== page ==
RUSSIAN FEDERATION: A sombre horizon for civil society organisations as the new Law on Non-Commercial Organisations has come into force

29/11/2012
Urgent Appeal
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Paris-Geneva, November 29, 2012. The International Federation for Human Rights (FIDH) and the World Organisation Against Torture (OMCT), within the framework of the Observatory for the Protection of Human Rights Defenders, is gravely concerned about the consequences on human rights work in the Russian Federation of the law that seeks to require non-governmental organisations to register as “foreign agents”.

On November 21, 2012, the new law entitled “Introducing Amendments to Legislative Acts of the Russian Federation in Part Regulating Activities of Non-commercial Organisations, which Carry Functions of Foreign Agents” entered into force in Russia [1].

The same day, offices of several NGOs were targeted by spray painted inscriptions in Moscow. Human Rights Centre “Memorial” had its front wall painted with the words “Foreign Agent (loves) USA”, while the Moscow Helsinki Group and the All Russia Public Movement For Human Rights were also targeted. On November 21, Young Guard, the ruling United Russia Party’s youth group, held an openly hostile protest near the offices of Transparency International, demanding that the anti-corruption watchdog “come out of the shadows” and officially register as a foreign agent.

The Observatory recalls that the new law requires NCOs receiving funds from foreign sources in order to carry out so called “political activities”, to register as “foreign agents” with a special governmental agency. Furthermore, all information published on their behalf using any means should include a notice that the author is a “foreign agent”. The law also introduces into the Criminal Code an offence for failing to comply with this obligation, punished by up to two years of imprisonment or up to 480 hours of corrective work.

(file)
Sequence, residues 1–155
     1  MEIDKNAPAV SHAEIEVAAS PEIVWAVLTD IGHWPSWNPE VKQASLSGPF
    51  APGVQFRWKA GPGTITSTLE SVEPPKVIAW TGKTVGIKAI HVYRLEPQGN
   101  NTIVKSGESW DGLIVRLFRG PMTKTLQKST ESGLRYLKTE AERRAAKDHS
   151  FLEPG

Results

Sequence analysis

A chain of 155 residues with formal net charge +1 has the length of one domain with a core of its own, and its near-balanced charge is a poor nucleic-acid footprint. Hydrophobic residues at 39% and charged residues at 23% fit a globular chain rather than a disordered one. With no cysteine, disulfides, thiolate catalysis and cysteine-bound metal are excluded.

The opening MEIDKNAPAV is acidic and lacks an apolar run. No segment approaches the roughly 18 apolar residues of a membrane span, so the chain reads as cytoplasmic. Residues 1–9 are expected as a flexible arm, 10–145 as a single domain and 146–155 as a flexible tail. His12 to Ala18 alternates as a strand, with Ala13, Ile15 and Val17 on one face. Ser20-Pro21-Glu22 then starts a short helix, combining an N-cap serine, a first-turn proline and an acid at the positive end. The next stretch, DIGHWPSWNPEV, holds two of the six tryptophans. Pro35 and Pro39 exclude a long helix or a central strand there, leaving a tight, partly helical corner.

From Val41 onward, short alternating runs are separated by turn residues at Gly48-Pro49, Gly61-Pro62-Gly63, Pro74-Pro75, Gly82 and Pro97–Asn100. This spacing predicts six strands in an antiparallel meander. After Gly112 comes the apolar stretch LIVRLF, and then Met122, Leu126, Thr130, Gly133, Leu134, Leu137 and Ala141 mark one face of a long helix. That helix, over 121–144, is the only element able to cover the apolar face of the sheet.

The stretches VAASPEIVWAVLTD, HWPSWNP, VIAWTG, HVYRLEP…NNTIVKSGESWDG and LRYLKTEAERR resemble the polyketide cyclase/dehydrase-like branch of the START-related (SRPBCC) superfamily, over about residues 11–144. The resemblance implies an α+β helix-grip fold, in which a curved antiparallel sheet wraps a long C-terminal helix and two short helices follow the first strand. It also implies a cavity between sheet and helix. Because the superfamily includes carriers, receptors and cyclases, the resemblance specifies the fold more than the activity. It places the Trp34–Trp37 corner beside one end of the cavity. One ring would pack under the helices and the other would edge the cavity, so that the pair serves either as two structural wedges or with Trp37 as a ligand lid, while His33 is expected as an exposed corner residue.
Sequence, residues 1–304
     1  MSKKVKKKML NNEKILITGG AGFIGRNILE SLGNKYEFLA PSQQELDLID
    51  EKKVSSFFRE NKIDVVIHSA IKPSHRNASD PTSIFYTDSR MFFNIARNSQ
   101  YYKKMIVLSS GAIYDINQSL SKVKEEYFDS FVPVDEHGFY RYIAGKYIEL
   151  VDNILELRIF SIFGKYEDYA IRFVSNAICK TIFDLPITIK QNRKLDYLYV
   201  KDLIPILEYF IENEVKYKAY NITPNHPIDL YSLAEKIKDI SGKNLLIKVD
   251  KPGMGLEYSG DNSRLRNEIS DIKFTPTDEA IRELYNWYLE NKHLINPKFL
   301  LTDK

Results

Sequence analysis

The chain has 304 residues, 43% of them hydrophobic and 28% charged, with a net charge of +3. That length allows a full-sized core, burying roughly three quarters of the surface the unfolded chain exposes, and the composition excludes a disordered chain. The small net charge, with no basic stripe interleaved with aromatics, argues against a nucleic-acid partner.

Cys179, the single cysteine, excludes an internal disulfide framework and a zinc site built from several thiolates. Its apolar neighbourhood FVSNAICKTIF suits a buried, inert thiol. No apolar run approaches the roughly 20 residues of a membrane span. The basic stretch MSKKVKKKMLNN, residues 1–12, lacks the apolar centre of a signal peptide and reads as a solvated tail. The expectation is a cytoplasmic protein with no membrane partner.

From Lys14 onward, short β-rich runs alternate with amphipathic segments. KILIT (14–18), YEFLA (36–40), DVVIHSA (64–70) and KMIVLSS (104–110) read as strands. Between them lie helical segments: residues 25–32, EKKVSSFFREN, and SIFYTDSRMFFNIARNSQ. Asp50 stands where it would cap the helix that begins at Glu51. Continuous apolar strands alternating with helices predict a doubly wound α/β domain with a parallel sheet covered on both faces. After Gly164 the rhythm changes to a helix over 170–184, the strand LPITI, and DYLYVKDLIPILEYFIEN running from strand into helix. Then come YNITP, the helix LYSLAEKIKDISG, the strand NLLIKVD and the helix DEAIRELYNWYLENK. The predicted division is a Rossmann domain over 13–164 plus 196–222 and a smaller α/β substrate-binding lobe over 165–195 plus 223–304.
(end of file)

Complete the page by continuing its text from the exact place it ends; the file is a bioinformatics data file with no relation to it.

Since the bill was submitted to the State Duma (Lower House of the Federal Assembly of Russia), on June 29, civil society voices and human rights organisations, including FIDH and OMCT, as well as the international community at large, have relentlessly denounced it as a major additional setback to the enjoyment of human rights in the country, in violation of most basic international human rights standards on freedoms of association and expression. Despite this, the bill was adopted by the State Duma on July 13 and the Federation Council of Russia (Upper House) on July 18, and finally signed by President Vladimir Putin on July 21.

In addition, a series of amendments to the Code of Administrative Offences were approved by the State Duma on October 26 and by the Federation Council of Russia on October 31. These amendments provide that, in the event of failure to comply with requirements regarding “foreign agents”, NCOs themselves will face an administrative fine reaching up to 500,000 Rubles (approximately 12,500 Euros), while their legal representatives, members and participants, will face an administrative fine up to 30,000 Rubles (approximately 250 – 750 Euros).

The Observatory recalls that these new provisions add to a wide-catching series of restrictive laws that have been adopted one after the other over the past months, considerably undermining the capacity of human rights organisations to operate in the country [2]. The Observatory therefore reiterates its deepest concern over the entering into force of this new law, which does not only mark a legislative setback for freedoms of association and expression, but also sends a biased and highly negative message about the nature of the activities carried out by human rights organisations in the country, and put all their members at a high risk of judicial harassment s well as attacks as attested by the recent events.

In this context, the Observatory therefore expresses its firm intention to keep a watchful eye on the implementation of this law and urges the Russian authorities to immediately undertake its review in order to bring it into conformity with international and regional human rights standards. Meanwhile, the Observatory insists that these restrictive provisions must not be used in order to silence voices of the civil society, and calls on the international community to monitor it closely and condemn any potential repressive impact.

“Labelling NGOs that receive foreign funds as “foreign agents” is unacceptable”, declared Souhayr Belhassen, FIDH President. “We seriously fear that this stigmatisation is only the first step before the new law is used to prevent human rights defenders from carrying out their legitimate activities, and even to criminalise their leaders”, she added.

“Protecting the rights of Russian citizens is neither political nor foreign activity. It is undertaken for and not against Russia”, said Gerald Staberock, Secretary General of OMCT. “Human rights organisations in Russia are highly regarded for the quality and professionalism of their work. Rather than immunizing the country to the universal human rights discourse the authorities should protect defenders and provide its citizens with the rights that it has pledged itself to ensure”.

For more information, please contact:
· FIDH: Arthur Manet / Audrey Couprie: +33 1 43 55 25 18
· OMCT: Delphine Reculeau: +41 22 809 49 39

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